CERT-SEI

Frequently Asked Questions About the Melissa Virus

Last Updated: May 24, 1999

  1. Can Melissa spread through .RTF (Rich-text format) files?
  2. We received reports on May 24, 1999 that the Melissa virus is spreading as RTF files. Files that are true RTF format do not contain macros. Because macros are not in true RTF files anti-virus scanning tools do not scan the files for macro viruses by default. This is being taken advantage of by simply renaming a Word document containing the Melissa macro virus to end in the .RTF extension.

  3. How many reports have we received?
  4. We have first-hand reports of more than 300 organizations affected, covering more than 100,000 individual hosts.

  5. Is the damage limited only to denial-of-service?
  6. No. Under some circumstances, confidential documents can be leaked without the user's knowledge. These circumstances include the use of a single template file by more than one user, and the transmission of an infected document to another user who has not previously been infected. Additionally, if you fail to clean up the virus correctly and completely (for example, by not cleaning the normal.dot file) you may expose confidential information at a later time.

  7. What about Papa, and other variants?
  8. We have received reports of other variants of Melissa, including one named Papa. At the present time, we have not received a significant number of reports of Papa outbreaks. If you practice antivirus precautions on a regular basis, you can protect yourself against Papa and other variants of Melissa.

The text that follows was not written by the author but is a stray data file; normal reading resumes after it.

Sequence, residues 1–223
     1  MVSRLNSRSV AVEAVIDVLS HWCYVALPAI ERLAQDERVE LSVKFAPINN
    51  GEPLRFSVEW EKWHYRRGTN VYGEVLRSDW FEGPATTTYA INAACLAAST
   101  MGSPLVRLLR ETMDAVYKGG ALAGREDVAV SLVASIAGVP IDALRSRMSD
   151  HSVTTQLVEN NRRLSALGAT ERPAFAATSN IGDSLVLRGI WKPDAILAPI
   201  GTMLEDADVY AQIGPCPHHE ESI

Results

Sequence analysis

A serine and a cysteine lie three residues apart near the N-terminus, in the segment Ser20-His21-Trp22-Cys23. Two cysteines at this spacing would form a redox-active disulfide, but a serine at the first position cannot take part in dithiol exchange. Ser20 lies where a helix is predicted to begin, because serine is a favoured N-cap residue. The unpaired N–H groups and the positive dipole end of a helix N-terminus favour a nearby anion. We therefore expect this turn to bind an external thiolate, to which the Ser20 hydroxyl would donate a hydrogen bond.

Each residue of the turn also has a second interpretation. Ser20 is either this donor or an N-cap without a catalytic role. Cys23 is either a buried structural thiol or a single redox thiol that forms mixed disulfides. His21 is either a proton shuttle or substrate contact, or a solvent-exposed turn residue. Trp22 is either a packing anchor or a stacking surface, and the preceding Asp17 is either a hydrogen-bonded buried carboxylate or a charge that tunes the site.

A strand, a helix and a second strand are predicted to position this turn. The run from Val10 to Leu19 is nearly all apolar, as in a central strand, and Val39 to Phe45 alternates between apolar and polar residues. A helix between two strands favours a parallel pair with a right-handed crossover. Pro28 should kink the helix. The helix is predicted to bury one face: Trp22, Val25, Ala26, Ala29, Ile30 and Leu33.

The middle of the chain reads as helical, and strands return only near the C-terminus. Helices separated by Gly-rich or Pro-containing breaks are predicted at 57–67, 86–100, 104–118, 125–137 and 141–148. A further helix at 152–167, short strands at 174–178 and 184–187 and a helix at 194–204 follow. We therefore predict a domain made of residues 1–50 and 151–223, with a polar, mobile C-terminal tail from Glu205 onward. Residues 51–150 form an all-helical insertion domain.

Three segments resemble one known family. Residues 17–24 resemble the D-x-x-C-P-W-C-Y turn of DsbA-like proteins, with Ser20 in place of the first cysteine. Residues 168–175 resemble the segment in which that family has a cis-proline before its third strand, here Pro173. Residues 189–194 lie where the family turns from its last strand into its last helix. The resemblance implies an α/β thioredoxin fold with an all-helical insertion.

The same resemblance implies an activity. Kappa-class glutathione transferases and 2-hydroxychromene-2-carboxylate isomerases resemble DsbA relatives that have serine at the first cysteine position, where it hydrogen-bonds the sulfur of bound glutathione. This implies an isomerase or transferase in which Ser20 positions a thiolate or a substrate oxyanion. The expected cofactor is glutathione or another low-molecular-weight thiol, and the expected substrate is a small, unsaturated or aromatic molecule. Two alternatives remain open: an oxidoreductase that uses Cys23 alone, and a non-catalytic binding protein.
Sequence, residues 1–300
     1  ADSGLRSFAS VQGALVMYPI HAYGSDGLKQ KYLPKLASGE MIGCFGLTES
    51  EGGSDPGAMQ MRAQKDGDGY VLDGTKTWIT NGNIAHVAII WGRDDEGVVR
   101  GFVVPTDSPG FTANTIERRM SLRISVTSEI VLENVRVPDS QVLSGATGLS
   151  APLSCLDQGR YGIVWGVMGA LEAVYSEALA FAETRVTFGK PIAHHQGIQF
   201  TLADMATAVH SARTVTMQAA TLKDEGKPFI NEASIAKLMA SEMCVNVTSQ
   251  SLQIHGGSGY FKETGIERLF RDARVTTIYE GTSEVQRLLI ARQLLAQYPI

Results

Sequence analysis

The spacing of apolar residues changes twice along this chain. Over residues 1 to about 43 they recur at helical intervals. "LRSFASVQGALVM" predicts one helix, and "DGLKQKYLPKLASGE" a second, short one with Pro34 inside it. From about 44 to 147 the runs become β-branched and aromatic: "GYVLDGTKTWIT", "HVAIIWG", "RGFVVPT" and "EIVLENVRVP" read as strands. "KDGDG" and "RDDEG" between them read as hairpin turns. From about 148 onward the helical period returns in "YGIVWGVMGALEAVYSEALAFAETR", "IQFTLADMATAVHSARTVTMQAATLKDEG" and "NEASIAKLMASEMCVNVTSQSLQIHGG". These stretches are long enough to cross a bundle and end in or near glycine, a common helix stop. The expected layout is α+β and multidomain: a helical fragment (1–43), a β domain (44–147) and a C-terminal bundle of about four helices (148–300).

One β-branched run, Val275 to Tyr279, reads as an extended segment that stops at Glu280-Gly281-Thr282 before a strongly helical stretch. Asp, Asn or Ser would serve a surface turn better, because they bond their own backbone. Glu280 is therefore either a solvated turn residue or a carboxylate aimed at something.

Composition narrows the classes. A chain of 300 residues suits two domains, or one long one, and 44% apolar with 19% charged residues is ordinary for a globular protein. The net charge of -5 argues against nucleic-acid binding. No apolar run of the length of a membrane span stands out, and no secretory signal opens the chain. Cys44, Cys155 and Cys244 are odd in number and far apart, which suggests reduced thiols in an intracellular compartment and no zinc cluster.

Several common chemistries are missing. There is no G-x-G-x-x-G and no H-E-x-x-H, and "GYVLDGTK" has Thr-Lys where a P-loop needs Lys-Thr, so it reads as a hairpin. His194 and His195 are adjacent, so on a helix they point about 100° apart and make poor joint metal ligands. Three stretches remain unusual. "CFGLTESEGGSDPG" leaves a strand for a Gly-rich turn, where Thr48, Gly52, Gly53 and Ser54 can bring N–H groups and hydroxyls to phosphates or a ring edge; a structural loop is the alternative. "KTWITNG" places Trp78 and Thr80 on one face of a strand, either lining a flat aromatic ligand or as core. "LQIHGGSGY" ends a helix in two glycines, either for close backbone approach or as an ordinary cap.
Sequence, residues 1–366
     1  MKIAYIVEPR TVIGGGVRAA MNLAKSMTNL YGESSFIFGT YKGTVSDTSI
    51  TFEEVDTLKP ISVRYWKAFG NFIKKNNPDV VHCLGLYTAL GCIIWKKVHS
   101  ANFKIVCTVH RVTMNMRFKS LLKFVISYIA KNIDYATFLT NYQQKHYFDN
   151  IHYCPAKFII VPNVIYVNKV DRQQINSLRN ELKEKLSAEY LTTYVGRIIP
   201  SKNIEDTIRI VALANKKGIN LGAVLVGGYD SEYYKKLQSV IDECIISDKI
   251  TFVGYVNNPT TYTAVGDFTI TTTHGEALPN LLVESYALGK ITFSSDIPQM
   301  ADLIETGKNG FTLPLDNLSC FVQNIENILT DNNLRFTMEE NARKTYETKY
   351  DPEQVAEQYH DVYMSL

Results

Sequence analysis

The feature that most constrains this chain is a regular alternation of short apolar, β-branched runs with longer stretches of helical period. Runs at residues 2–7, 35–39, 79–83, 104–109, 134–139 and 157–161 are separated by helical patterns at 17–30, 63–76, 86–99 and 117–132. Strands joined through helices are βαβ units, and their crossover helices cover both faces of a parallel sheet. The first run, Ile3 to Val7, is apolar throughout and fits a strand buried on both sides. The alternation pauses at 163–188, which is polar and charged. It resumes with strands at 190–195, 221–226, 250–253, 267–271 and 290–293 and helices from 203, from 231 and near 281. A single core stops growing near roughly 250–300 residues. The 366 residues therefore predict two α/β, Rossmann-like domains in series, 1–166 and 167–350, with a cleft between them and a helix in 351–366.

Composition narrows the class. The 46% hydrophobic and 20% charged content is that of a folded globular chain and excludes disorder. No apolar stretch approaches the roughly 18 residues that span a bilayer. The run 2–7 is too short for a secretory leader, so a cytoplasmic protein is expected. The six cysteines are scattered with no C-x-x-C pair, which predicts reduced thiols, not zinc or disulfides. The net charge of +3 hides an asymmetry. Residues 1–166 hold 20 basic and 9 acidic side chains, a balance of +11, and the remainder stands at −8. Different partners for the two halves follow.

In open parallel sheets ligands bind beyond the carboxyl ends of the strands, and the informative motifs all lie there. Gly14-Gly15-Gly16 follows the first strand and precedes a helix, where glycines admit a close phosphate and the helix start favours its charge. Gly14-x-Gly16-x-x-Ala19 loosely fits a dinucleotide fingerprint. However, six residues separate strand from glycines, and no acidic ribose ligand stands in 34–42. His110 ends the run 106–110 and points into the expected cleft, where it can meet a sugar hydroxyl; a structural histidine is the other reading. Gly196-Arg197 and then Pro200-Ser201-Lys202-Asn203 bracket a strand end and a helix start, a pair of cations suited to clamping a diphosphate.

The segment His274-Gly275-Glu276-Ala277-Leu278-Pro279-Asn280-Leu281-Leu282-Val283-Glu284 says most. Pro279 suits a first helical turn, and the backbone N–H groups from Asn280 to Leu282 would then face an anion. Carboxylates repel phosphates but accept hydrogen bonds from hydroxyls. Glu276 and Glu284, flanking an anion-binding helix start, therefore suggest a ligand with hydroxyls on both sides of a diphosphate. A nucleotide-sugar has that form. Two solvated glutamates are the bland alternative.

9. Are Macro viruses new?
  10. No. According to the Department of Energy's Computer Incident Advisory Capability (CIAC), macro viruses for Microsoft Word appeared as early as 1995, with over 1000 variants for Word and other products by 1998. See http://www.ciac.org/ciac/bulletins/i-023.shtml for more information.

  11. Why was Melissa so serious?
  12. Melissa was different from other macro viruses because of the speed at which it spread. The first confirmed reports of Melissa were received on Friday, March 26, 1999. By Monday, March 29, it had reached more than 100,000 computers. Some sites had to take their mail systems off-line. One site reported receiving 32,000 copies of mail messages containing Melissa on their systems within 45 minutes.

  13. Are Macro viruses limited to Microsoft Word?
  14. No. Macro viruses can affect other products, including other products from Microsoft such as Excel and Powerpoint. The Papa virus, for instance, is reported to be spread via Excel.

  15. Is Melissa a worm?
  16. Melissa requires user interaction to propagate, therefore we do not consider it a worm. However, Melissa can propagate quickly from one computer to another with minimal interaction required by the user.

  17. Does the Melissa virus affect MacOS?
  18. The Melissa virus can infect files stored on and shared with MacOS-based systems running Word 98. However, when the virus runs on MacOS systems, it is not able to send electronic mail, and its propagation will be slower on MacOS systems.

  19. Can I protect myself by marking the normal.dot file read-only?
  20. At best, marking the normal.dot file read only is a stop-gap protection. On Windows 98/95 systems and on MacOS, viruses can circumvent the read-only protection. Instead, we recommend setting Word to prompt the user before making any changes to the normal.dot file if you are concerned about changes to that file.

  21. How can I protect myself against variants of Melissa?
  22. Disable macros by default. Use caution when operating any product when macros are enabled. Keep your antivirus products up-to-date. Be leery of unsolicited documents or executable programs received in electronic mail. Beware of software that comes from untrusted sources.